Deflation is spreading like the plague throughout Europe to the point where negative interest rates are in play. In the UK, inflation has cascaded to a 5 year low and is set to fall further as the early and encouraging signs of economic recovery in the first half of 2014 are snuffed out. Even in the US inflation is too low and this alone is seeing the market question just when the US Federal Reserve will start to hike interest rates from zero per cent.

This morning the oil price has crashed to below US$82 a barrel (WTI) as a ramp up in supply meets softening demand. The global indices of commodity prices are also plumbing fresh lows.

For Australia, this news is poison.

As an exporter of energy, the falling oil price is parlaying into coal and gas prices. The Australian economy, which is muddling along at best, it facing not just these specific commodity headwinds, but is getting a kick in the face from the broader deflationary global pressures.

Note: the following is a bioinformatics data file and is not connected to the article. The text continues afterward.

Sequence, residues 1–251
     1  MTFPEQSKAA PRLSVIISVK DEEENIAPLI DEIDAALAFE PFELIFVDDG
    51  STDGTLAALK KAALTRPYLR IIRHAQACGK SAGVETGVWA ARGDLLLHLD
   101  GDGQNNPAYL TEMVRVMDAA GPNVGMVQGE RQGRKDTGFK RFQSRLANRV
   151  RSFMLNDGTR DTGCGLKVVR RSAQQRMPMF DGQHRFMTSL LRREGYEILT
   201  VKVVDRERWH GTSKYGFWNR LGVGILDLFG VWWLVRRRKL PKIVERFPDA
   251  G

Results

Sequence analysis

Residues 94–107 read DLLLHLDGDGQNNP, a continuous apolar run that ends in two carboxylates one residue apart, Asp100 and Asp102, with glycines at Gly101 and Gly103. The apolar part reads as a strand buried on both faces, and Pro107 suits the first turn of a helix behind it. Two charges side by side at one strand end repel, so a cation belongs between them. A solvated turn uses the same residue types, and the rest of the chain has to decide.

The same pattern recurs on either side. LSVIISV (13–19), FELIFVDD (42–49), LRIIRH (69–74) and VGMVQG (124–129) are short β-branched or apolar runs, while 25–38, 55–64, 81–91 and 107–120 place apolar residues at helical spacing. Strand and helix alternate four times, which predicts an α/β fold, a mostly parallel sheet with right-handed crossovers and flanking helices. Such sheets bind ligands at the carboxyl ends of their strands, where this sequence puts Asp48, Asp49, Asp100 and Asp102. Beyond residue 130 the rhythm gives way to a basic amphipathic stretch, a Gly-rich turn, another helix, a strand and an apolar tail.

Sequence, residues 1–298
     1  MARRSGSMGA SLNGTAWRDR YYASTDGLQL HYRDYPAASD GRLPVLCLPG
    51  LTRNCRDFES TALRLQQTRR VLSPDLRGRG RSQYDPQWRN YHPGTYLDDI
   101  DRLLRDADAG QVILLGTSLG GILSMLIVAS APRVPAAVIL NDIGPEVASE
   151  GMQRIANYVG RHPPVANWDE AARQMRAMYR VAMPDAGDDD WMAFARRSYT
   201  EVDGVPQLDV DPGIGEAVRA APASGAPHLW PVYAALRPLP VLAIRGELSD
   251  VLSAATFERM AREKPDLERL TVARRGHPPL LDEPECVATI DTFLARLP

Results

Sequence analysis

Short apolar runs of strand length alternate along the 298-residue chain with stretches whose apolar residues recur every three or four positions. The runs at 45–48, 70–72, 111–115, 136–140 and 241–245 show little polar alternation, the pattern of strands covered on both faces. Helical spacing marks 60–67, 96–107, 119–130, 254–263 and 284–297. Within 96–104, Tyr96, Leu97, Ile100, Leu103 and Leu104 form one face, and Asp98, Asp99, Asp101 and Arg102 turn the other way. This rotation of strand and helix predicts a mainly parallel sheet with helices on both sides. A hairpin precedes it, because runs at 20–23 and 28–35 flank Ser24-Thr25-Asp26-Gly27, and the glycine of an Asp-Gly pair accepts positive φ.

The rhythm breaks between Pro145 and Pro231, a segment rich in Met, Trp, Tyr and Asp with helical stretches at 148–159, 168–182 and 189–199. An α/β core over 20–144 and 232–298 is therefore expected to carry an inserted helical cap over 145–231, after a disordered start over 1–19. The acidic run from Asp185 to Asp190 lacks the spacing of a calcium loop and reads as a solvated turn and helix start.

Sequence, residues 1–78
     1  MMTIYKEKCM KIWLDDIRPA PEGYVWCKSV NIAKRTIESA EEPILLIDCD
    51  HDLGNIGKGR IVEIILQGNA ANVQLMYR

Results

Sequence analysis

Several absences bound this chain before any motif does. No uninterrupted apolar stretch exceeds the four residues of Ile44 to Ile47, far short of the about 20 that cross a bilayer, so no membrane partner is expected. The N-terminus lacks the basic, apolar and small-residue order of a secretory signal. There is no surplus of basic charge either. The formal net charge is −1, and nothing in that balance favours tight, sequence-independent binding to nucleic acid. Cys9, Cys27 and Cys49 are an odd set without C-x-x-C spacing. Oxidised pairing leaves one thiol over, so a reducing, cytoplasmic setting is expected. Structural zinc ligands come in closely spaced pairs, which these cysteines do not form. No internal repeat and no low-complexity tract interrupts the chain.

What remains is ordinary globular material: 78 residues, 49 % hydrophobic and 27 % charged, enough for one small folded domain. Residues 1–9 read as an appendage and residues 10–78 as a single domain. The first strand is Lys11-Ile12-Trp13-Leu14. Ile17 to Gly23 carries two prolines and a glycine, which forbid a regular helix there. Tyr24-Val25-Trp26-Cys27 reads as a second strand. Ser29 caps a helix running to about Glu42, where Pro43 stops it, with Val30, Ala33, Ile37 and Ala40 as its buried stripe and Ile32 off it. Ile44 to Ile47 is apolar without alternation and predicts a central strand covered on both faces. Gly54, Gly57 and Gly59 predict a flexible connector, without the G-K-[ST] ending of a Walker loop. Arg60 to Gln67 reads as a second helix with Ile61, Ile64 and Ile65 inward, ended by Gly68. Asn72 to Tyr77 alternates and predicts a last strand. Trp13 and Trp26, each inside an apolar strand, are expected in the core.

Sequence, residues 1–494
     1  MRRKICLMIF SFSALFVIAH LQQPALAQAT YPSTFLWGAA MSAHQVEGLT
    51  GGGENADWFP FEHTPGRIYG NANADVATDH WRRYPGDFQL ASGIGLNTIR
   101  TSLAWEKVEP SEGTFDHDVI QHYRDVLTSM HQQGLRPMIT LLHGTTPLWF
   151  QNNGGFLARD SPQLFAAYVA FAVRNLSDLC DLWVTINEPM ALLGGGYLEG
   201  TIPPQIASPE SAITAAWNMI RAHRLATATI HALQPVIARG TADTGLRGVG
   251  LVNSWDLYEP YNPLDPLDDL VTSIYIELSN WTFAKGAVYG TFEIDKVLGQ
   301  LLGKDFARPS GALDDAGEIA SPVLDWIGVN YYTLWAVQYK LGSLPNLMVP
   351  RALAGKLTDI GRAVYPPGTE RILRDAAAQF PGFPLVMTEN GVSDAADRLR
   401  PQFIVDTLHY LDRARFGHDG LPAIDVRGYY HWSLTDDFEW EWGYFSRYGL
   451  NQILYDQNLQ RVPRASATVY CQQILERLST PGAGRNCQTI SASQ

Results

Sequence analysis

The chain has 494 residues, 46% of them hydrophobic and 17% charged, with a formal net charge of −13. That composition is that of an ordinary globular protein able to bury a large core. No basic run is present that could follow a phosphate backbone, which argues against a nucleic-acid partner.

At the same time, falling real wages are set to fall further. Pay rises in the public service and the defence force will be 1.5 per cent per annum, at best, and more likely will be around 1.2 per cent per annum for the next few years. The close correlation between public service wages and those of the private sector, means that aggregate wages growth and household incomes will be crunched lower from what is already a record low pace of wages growth at around 2.5 per cent.

Falling real wages will knee-cap the retail sector and consumer demand more broadly. Real GDP growth cannot get near 3.25 per cent if this is the case and the unemployment rate is set to rise further. Soon there will be talk of unemployment reaching 7 per cent. The risk is that Australia’s inflation rate will fall to, or even below, the bottom of the RBA target band.

The budget will be shot to pieces as revenue from PAYG income tax, capital gains and company profits gets mauled.

The RBA, currently with its ‘house price blinkers’ on, will need to dust off its obsolete forecasts and cut interest rates. It is always difficult to be sure how much more interest rate relief will be needed in the year ahead, but given the malaise creeping into business confidence, rising unemployment and a still high Aussie dollar, a cash rate of 1.5 per cent, or so, seems fair in the year ahead.

The economy needs this monetary stimulus if the unemployment rate is to be capped at 6.25 per cent, let alone fall back to 5 per cent which of course, is the main aim of macroeconomic policy.